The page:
32. 32. Multi - Level Encoding 2B1Q (Two binary, one quaternary)  Uses four voltage levels. Each pulse can then represent two bits, making each pulse more efficient
33. 33. Multi Transitions MLT-3 (Multiline Transmission, Three Level)  Very similar to NRZ-I, but it uses three levels of signals (+ve, zero and –ve)  Transition at beginning of 1 and no transition at beginning of zero
34. 34. Block Coding Steps in Transformation Some Common Block Codes
35. 35. 4B/5B Digital Encoding Yet another encoding technique that converts four bits of data into five-bit quantities. The five-bit quantities are unique in that no five-bit code has more than 2 consecutive zeroes. The five-bit code is then transmitted using an NRZ-I encoded signal.
36. 36. Block coding
37. 37. Figure 4.16 Substitution in block coding
38. 38. Table 4.1 4B/5B encoding Data Code Data Code 0000 11110 1000 10010 0001 01001 1001 10011 0010 10100 1010 10110 0011 10101 1011 10111 0100 01010 1100 11010 0101 01011 1101 11011 0110 01110 1110 11100 0111 01111 1111 11101
39. 39. Table 4.1 4B/5B encoding (Continued) Data Code Q (Quiet) 00000 I (Idle) 11111 H (Halt) 00100 J (start delimiter) 11000 K (start delimiter) 10001 T (end delimiter) 01101 S (Set) 11001 R (Reset) 00111
40. 40. Figure 4.17 Example of 8B/6T encoding
41. 41. Analog to digital  If a signal is sampled at regular intervals at a rate higher than twice the highest signal frequency, the samples contain all the information of the original signal  Voice data limited to below 4000Hz  Require 8000 sample per second  Analog samples (Pulse Amplitude Modulation, PAM)  Each sample assigned digital value
42. 42. Analogue to digital conversion  To send voice over long distance, we need to digitise signal, since digital signals are less prone to noise.  Sampling:  Measuring amplitude of the signal at equal intervals.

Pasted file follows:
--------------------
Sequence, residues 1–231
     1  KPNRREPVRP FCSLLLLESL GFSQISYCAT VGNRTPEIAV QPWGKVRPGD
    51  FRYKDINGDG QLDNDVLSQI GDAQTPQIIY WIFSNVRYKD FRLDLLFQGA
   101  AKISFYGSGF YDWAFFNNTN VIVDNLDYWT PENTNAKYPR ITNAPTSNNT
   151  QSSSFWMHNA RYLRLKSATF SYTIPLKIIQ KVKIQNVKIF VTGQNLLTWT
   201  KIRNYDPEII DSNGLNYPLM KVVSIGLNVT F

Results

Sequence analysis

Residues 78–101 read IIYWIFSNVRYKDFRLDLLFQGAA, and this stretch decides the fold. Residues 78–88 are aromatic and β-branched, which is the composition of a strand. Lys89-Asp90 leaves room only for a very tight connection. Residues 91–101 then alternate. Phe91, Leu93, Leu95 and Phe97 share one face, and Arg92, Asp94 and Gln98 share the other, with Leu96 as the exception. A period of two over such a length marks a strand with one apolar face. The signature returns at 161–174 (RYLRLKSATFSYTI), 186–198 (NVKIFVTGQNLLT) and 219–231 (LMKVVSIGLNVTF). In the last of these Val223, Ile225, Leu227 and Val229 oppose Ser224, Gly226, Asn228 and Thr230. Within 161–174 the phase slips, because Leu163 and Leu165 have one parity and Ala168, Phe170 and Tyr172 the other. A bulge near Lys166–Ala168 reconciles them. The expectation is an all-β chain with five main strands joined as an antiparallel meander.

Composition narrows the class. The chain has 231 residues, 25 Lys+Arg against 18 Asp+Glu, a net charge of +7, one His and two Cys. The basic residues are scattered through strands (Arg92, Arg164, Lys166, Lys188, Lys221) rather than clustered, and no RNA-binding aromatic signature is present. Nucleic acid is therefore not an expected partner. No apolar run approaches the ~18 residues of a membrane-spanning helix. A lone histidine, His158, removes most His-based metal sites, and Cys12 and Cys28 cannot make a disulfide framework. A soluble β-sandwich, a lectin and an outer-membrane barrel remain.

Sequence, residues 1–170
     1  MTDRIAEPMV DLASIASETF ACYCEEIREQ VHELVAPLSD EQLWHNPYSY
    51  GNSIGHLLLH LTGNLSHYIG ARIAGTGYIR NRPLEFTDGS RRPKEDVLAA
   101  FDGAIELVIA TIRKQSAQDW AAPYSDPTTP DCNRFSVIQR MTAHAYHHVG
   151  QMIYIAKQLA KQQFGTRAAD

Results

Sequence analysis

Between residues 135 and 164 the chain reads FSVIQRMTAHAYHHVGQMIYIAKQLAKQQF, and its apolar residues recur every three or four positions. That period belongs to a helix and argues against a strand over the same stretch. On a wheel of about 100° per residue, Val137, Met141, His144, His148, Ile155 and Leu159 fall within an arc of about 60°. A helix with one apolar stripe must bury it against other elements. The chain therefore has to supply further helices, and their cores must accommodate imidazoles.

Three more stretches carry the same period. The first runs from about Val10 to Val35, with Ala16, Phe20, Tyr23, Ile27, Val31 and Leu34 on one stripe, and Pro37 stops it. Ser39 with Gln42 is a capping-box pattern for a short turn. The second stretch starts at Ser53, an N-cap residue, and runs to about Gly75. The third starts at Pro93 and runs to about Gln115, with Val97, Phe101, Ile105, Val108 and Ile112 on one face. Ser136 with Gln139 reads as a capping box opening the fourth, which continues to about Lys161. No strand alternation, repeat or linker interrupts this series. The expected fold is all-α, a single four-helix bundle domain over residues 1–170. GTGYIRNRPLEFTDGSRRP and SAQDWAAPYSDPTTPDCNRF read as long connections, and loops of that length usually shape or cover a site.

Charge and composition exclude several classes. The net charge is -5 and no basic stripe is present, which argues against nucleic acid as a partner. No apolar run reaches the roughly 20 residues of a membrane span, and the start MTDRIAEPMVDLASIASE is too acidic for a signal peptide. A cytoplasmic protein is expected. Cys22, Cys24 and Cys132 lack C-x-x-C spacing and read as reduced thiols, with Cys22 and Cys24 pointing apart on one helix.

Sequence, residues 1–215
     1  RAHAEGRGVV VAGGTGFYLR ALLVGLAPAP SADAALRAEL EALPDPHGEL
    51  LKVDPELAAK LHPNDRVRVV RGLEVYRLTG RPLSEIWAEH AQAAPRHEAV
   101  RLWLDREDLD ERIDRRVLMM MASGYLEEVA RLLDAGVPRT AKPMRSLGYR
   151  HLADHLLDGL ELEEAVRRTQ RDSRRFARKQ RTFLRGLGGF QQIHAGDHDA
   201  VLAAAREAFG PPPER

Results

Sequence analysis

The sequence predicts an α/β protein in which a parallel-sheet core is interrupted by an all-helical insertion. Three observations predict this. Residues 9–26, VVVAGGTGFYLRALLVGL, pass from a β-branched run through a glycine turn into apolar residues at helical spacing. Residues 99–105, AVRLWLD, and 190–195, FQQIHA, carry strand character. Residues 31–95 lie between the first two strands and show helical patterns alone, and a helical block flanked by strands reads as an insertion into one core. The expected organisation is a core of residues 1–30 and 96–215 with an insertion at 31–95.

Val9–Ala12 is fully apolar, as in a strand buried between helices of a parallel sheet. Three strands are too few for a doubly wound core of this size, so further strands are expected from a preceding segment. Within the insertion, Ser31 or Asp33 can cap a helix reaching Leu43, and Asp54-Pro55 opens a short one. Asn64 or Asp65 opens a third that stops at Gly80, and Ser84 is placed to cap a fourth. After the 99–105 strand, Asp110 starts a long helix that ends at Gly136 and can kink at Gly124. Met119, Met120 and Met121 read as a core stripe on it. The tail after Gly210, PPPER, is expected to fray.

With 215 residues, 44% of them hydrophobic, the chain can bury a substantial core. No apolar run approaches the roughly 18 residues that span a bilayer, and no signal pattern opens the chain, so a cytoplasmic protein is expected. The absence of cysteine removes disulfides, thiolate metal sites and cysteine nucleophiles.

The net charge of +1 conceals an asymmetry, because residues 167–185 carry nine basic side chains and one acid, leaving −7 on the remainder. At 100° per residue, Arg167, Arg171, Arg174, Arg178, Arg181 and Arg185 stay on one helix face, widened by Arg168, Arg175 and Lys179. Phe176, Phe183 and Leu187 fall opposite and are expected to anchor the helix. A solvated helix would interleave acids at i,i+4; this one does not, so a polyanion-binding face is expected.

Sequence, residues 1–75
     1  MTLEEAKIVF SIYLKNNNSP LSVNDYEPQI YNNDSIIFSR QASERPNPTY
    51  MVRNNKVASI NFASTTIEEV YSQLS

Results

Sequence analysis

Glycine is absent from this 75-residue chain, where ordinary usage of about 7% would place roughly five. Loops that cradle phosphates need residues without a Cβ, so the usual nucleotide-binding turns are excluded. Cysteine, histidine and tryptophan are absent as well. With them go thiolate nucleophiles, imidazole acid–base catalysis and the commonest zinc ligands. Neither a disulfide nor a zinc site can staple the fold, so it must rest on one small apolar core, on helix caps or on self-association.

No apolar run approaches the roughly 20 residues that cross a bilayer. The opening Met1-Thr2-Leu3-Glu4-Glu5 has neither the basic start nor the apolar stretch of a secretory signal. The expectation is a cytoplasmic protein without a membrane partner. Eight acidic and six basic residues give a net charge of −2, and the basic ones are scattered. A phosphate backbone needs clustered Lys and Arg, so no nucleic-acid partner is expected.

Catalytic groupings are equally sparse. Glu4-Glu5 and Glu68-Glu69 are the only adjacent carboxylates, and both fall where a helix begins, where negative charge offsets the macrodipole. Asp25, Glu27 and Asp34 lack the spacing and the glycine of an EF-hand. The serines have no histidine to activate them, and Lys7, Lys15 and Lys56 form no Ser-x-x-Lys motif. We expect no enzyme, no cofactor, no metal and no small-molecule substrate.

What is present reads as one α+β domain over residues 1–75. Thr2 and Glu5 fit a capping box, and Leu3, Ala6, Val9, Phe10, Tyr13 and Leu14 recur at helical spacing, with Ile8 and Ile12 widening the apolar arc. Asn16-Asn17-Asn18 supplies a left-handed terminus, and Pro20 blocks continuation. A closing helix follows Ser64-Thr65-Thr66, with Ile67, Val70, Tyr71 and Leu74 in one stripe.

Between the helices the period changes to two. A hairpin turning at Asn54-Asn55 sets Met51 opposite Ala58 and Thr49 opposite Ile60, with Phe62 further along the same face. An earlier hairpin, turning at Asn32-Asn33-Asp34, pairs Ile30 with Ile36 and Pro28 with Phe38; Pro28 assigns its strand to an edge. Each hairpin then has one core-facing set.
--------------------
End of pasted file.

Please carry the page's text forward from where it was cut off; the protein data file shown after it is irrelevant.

43. 43. Pulse Amplitude Modulation (PAM)  First step in analog to digital conversion  Takes analogue signal, samples it and generates a series of pulses based on the results of sampling.  The PAM signal is still analog since its amplitude can vary over the amplitude range.
44. 44. Pulse Code Modulation (PCM)  PCM modifies the pulses created by PAM to create a complete digital signal.  PAM is converted into an all digital form by quantizing each pulse into its equivalent binary form.  8 bits are used to quantize each PAM signal, which include one sign bit. + 024 + 038 00011000 00100110 -015 -080 10001111 11010000
45. 45. Pulse Amplitude Modulation (PAM) Pulse amplitude modulation has some applications, but it is not used by itself in data communication. However, it is the first step in another very popular conversion method called pulse code modulation. PAM
46. 46. 4.3 Sampling Pulse Amplitude Modulation Pulse Code Modulation Sampling Rate: Nyquist Theorem How Many Bits per Sample? Bit Rate
47. 47. Figure 4.18 PAM
48. 48. Note: Pulse amplitude modulation has some applications, but it is not used by itself in data communication. However, it is the first step in another very popular conversion method called pulse code modulation.
49. 49. Figure 4.19 Quantized PAM signal
50. 50. Figure 4.20 Quantizing by using sign and magnitude
51. 51. Figure 4.21 PCM
52. 52. Figure 4.22 From analog signal to PCM digital code
53. 53. Converting Analog Data into Digital Signals To convert analog data into a digital signal, there are two basic techniques: • Pulse code modulation (used by telephone systems) • Delta modulation